If you’ve experienced late-summer culinary fatigue and you haven’t gone near your barbecue in a while, now is the time to brush up on your skills, because Labor Day weekend is your last chance to make the ultimate grilling feast before the season is over. We encourage you to wear all the white clothing you have before you need to stash it away (we don’t make the rules, we just enforce them) and take no responsibility for stains, spots and/or smears.
This recipe requires some advance planning, since hanger steak is best when it is marinated before cooking. A bold marinade complements the assertively flavored meat and tenderizes it a bit as well. Here I use a red wine with big flavor both to marinate the meat and in a reduced sauce — which incorporates the marinade after the meat is grilled. This way nothing — including all that great flavor — goes to waste.
Indians don’t glorify chicken wings the way Americans do, so I’m stepping in to bridge that inexplicable gap. When faced with chicken and the possibility of high-heat smoky cooking, such as any ol’ charcoal grill, there’s only one preparation on my mind. I’ve tandoorified and char-grilled everything from pork loin and tofu steaks to more traditional fare like shrimp and lamb chops. Brine and baste all you want, but tandoorification (my word for marinating overnight in heavily spiced yogurt) is the way to go if your end game is “juicy and flavorful.”
We’re going to pop open and clear out the peppers, grill them up a bit, fill them with goodies and then throw them back on the grill to finish up. The result is a smoky, charred exterior on a completely cooked pepper that’s just oozing cheese, meat and other great stuff. After you make these, you will never look at a skewer filled with pepper slices the same way again.
Grilled prawns are grilled prawns. If you buy a nice, plump, fresh product from your favorite guy at the fish counter, you’re going to have a good time — even if you scorch the thing. But please don’t. Oftentimes grilled prawns (and shrimp for that matter) can be straightforward. Salt and pepper, a burst of acid. Done. New York City chef Harold Dieterle does the opposite, brushing the little guys with a spread made with some of Thailand’s most iconic flavors: coriander, lemongrass, galangal and lots of coconut milk. It’s as if you were sipping a bottle of Chang on a beach in Ko Samui. And when cooking with prawns, always leave the head on. That’s where the flavor is.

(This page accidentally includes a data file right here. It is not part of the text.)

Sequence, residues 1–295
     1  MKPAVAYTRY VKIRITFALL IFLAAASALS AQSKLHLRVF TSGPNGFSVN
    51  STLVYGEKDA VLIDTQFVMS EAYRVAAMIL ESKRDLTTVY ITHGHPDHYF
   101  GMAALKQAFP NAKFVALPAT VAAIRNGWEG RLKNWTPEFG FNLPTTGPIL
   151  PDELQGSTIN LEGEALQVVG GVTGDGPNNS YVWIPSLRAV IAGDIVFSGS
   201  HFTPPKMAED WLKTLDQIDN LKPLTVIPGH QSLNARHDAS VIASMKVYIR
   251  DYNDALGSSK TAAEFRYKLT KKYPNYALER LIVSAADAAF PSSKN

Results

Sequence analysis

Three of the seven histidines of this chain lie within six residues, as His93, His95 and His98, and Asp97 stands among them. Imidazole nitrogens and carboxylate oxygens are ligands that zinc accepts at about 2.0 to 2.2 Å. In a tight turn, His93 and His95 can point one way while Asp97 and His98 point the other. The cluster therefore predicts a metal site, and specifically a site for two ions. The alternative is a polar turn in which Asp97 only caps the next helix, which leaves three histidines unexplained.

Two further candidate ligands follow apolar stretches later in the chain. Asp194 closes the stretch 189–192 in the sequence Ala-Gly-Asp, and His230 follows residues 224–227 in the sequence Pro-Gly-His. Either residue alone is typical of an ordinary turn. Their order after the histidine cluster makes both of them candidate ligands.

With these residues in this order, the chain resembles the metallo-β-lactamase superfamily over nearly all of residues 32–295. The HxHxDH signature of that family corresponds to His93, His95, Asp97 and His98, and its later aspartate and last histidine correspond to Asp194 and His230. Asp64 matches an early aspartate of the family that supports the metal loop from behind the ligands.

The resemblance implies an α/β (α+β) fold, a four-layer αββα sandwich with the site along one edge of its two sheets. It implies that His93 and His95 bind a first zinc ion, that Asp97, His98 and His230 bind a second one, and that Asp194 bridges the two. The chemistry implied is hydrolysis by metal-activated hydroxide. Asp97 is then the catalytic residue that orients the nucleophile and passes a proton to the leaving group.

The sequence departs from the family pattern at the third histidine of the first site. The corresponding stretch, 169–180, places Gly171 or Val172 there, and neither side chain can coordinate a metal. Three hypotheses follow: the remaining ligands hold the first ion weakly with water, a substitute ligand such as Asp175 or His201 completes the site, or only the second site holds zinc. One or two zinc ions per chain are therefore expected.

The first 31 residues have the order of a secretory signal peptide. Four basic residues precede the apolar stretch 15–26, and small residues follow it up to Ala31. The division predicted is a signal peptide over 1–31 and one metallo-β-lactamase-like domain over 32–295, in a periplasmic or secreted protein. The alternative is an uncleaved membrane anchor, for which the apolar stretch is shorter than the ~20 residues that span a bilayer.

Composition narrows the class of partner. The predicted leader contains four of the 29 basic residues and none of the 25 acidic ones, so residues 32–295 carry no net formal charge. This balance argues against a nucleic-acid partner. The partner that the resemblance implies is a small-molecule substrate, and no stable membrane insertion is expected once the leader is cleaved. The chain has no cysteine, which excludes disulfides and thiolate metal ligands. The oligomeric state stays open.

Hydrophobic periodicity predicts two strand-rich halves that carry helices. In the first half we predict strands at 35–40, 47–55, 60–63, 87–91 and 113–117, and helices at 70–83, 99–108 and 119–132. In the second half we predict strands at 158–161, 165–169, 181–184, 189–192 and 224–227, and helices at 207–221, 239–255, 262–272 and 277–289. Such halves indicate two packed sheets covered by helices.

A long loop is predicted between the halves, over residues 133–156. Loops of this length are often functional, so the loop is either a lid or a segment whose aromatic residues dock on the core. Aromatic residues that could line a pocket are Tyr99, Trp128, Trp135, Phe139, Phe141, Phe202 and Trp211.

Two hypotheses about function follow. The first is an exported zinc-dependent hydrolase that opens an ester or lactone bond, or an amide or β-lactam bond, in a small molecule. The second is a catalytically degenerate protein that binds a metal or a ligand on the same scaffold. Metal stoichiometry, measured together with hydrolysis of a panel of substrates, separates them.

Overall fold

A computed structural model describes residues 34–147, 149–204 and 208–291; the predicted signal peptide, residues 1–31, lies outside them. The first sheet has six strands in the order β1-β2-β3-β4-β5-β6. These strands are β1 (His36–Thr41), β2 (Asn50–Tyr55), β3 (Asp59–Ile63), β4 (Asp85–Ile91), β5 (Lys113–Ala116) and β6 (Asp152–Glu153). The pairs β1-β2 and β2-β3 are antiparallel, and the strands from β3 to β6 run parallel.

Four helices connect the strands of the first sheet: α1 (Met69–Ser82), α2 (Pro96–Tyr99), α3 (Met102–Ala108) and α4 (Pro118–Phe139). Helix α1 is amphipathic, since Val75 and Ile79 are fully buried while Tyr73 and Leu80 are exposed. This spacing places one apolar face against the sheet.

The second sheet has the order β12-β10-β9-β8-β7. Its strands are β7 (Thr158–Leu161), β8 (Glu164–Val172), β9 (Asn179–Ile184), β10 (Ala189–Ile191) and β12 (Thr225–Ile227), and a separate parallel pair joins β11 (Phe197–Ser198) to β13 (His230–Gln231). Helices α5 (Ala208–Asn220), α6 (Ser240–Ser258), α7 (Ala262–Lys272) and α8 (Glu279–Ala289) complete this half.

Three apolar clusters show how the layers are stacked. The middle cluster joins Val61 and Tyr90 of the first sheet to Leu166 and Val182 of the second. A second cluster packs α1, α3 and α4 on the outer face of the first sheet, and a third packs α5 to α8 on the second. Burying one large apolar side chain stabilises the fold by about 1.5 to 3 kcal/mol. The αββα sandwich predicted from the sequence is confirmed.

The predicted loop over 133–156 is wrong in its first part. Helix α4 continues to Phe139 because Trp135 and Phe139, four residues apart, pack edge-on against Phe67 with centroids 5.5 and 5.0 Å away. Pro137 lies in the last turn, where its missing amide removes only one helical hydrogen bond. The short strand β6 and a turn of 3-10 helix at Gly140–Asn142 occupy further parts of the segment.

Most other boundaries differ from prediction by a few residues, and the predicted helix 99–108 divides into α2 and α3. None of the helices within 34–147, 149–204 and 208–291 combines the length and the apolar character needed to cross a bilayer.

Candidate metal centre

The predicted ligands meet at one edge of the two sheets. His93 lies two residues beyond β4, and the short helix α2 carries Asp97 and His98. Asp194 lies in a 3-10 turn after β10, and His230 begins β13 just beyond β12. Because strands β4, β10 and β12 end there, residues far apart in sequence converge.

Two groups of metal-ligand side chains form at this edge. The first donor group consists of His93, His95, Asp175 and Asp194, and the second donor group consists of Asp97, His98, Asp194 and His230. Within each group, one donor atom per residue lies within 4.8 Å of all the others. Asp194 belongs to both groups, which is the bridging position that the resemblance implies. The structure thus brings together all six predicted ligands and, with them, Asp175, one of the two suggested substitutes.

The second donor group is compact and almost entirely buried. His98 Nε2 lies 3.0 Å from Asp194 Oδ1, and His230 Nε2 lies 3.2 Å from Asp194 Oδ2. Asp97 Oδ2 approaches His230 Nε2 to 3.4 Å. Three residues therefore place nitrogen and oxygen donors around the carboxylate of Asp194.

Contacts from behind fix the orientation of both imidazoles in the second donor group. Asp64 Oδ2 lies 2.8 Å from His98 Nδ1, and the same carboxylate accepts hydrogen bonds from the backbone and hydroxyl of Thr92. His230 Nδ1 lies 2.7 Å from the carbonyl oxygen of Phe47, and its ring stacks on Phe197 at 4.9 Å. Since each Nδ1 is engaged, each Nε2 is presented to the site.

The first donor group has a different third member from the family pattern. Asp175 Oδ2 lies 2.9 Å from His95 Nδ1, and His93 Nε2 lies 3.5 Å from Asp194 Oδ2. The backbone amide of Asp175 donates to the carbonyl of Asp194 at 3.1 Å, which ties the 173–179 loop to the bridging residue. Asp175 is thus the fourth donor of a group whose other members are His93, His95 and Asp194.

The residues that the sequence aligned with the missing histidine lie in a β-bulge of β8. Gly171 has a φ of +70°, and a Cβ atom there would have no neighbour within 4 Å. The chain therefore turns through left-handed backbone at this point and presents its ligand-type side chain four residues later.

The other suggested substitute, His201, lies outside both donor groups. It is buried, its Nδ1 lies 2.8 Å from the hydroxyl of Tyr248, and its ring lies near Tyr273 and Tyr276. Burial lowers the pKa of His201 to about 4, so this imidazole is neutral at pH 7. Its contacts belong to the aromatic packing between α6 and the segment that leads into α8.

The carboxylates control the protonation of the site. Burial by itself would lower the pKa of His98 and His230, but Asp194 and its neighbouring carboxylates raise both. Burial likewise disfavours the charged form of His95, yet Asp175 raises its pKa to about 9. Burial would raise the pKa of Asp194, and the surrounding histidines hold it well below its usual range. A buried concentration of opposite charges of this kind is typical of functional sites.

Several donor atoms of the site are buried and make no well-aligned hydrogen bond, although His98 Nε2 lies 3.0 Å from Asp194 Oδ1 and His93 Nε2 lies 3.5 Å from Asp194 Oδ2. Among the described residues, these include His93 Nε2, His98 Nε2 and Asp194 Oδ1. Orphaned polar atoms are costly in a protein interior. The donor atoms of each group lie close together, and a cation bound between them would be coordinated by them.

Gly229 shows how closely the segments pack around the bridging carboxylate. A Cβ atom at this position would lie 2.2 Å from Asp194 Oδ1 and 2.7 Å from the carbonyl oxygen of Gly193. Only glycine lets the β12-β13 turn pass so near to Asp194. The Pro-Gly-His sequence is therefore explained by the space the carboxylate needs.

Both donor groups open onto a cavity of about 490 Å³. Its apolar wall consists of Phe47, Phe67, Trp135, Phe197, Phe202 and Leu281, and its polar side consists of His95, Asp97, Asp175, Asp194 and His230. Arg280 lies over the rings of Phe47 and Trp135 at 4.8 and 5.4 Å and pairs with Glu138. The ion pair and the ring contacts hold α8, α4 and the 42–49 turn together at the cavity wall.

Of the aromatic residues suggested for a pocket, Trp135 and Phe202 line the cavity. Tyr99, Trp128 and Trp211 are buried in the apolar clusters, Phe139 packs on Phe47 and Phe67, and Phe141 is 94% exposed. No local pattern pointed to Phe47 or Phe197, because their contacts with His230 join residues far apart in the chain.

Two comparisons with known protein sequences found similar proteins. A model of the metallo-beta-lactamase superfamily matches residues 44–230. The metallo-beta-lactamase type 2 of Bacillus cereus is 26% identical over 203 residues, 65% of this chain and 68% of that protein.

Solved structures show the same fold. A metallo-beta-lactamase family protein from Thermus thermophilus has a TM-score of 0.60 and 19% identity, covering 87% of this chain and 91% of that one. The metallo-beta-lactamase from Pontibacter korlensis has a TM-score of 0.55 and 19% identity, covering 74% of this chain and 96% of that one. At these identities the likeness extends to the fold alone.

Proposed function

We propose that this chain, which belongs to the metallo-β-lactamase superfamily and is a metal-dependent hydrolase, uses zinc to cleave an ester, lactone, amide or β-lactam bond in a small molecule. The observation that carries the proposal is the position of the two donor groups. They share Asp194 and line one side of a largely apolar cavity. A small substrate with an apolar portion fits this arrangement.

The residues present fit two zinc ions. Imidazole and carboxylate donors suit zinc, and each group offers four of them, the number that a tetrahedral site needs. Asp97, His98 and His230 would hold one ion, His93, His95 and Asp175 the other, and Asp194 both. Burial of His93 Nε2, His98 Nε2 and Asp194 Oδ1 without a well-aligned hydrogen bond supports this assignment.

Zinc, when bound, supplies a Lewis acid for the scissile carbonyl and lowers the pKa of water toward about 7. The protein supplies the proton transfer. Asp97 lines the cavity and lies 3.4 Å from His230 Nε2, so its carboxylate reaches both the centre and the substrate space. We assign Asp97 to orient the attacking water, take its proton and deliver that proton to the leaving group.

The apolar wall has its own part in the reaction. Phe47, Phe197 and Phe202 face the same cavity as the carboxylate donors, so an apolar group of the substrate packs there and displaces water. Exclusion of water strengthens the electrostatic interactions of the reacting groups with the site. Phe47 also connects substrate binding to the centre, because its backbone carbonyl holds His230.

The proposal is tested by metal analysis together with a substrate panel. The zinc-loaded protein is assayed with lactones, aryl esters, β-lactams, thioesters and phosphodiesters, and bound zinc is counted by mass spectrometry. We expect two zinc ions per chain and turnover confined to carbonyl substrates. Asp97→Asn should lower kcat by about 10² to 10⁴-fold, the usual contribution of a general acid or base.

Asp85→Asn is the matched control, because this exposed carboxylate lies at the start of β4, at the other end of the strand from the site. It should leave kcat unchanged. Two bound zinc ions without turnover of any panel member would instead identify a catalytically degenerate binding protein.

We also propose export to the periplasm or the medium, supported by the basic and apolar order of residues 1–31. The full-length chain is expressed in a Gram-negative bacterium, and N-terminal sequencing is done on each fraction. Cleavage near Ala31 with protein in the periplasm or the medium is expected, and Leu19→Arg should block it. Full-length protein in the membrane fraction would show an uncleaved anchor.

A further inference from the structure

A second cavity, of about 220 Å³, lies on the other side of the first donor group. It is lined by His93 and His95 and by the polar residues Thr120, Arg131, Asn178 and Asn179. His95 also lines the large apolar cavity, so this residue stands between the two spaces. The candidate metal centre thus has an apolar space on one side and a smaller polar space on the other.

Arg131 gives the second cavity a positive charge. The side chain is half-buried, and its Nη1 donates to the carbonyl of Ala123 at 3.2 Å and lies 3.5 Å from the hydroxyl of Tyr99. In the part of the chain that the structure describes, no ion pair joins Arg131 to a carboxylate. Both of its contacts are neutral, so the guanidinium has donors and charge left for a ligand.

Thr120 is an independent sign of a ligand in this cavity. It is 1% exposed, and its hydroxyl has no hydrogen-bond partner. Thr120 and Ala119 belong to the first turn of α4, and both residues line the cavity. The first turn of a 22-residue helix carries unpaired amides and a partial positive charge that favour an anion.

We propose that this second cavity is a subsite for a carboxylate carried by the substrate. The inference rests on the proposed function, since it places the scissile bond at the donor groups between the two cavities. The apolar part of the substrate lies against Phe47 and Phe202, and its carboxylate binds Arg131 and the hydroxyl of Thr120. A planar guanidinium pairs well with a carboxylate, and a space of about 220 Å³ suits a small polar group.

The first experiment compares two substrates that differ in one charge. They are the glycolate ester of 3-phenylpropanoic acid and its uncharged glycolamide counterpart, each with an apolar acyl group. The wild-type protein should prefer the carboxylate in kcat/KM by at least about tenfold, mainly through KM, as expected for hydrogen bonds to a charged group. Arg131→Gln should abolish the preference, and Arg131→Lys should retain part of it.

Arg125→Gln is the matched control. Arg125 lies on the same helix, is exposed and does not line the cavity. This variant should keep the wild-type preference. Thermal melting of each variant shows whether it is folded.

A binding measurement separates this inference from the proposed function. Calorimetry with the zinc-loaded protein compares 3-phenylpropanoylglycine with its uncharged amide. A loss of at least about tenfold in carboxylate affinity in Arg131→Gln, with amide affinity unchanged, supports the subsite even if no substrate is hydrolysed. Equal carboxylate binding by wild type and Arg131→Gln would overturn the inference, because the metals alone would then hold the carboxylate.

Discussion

It’s like Spanish surf and turf with shrimp and pork. The idea came from a Brazilian steakhouse in Atlanta, Fogo de Chao. They roast whole pork loins and carve them for you tableside. It’s good, but I always thought it would be better with some surf to go with the turf.
This has to be our best-loved chicken dish. The well-seasoned chicken also gets a “post-cooking” marinade; it is tossed in a bit of West Indian salsa verde and put in the oven for a few minutes so the salsa verde flavors can be absorbed into the chicken. The combo of the chargrill, the island seasonings and the kick of the West Indian salsa verde is truly unforgettable.
Recipe: Oaxacan Grilled Pork Fajitas
In Oaxaca, they use thinly sliced pork shoulder, which is loaded with fat, so it stays moist on the grill. If you have the patience, thinly slice boneless pork shoulder (we’re talking poker chip thin here), or bribe your butcher to do it. Otherwise, use pork loin or tenderloin thinly sliced across the grain. It helps if you partially freeze it first.
Chef Chris Schlesinger and Cook’s Illustrated executive editor John Willoughby have combined their forces once more with their new cookbook, The Big-Flavor Grill. These truly simple and delicious recipes don’t take a lot of time or effort but are (as they say) big-flavor dishes. Try this easy spice-rubbed fish steak recipe on for size. The gazpacho relish takes about five minutes to make and adds a burst of bright flavor to the hearty fish.
Anyone who’s ever loved a taco should hit L.A.’s Pink Taco with an empty belly and a fierce craving. In honor of Food Republic Grilling Month, we borrowed a meatless recipe from chef Sam Anguiano. “Mushroom tacos are perfect for the food lover who wants a good taco but doesn’t eat meat. Grilling them over live mesquite will give you optimum flavor. The portobello should be grilled through but still have some bite to create different layers of texture. Carnivore or not, you will love this taco.” Agreed.
Just like beef T-bones, pork T-bones contain a lower piece of the loin (the strip loin section of a beef T-bone) and a section of the tenderloin (the fillet of the pig). I treat this simply: well seasoned, grilled to medium, and then topped with a thick pat of my BBQ Butter. Delish! The BBQ Butter can be made ahead and frozen. Just pull out a portion a couple of hours before needed. I also love to use it to top steaks, chops, and even breads for a nifty treat.